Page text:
Embedded software and firmware complement each other (Figure 1). They are the primary, often the only, software in a range of embedded devices like motion detection in security cameras, traffic light control systems, home automation devices, some automotive electronic control units (ECUs), and so on. In the simplest devices, there’s only firmware and no need for embedded software.
What’s next in the hierarchy?
An OS like Linux or FreeRTOS is needed in more complex embedded systems to manage the MCU’s hardware resources, including input/output (I/O) devices, network connections, storage resources, and so on. The OS also supports the execution and management of applications and software programs that are often user provided.
Middleware is sometimes conflated with embedded software. For purposes of this discussion, middleware is the software that connects the OS with applications software. Middleware can simplify the development of embedded applications by:
- Handling the interactions of distributed applications
- Supporting seamless interactions between heterogeneous hardware, operating systems, and software protocols
- Making applications interoperable, portable, and reusable through common and high-level interfaces.
- Eliminating duplication of effort and enhancing collaboration between applications by delivering a common group of services
While firmware is used to start up an MCU and, after that, to control the hardware peripherals, middleware reaches higher up and provides services to the application software that are unavailable from the OS. Application software is the highest level of software. Unlike the lower levels of software, each application’s software package on an MCU is unique and tailored to perform a specific function. Application software runs on the OS and uses the services from the middleware.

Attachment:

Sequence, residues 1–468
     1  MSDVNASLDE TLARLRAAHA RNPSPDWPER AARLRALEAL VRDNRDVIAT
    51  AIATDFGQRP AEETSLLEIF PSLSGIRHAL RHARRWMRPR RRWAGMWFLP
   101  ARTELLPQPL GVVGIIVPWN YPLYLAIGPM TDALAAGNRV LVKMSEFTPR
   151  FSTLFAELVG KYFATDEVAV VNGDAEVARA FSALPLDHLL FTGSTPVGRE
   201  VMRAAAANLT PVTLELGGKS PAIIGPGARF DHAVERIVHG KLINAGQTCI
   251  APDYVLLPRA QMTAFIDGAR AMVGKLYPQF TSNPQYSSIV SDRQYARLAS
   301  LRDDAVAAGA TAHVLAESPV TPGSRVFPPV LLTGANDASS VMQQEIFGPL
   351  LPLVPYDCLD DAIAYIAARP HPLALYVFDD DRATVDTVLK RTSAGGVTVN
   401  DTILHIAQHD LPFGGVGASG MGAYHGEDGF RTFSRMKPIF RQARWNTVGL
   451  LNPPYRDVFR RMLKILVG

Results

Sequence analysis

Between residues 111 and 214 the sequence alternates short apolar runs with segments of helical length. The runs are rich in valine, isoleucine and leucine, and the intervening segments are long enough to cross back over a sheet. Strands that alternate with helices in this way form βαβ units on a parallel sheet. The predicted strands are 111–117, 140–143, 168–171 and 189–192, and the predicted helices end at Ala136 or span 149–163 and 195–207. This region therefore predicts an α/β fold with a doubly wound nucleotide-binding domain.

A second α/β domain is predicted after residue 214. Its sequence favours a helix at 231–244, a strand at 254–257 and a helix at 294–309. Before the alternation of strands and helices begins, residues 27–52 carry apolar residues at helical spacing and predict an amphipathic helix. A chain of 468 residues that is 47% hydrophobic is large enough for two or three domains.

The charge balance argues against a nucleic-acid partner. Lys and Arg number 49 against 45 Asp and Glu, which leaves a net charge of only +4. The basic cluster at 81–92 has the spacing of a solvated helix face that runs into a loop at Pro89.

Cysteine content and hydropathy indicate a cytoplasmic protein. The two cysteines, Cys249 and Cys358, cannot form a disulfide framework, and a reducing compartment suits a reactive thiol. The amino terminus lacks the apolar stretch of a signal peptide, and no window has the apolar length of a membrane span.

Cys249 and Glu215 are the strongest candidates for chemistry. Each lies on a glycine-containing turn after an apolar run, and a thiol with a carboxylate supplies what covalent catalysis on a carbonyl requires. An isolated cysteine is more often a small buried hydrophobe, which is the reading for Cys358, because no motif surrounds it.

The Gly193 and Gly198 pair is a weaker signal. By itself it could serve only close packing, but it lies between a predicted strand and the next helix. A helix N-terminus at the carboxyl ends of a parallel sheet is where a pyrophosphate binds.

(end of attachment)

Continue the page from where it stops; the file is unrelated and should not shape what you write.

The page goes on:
While the general hierarchy of the various types of software is well established, the distinction between adjacent types of software can be blurry. For example, depending on the design environment, a given set of tasks might be assigned to the firmware, and in another instance, the same tasks can be handled by the embedded software (Figure 2).
Embedded software development
Another distinction between application software and the other levels of software is that application software tends to be generic and not customized for a specific MCU. Application software developers need to be expert in all aspects of the application but not familiar with the intricacies of MCU operation. Embedded software development is different.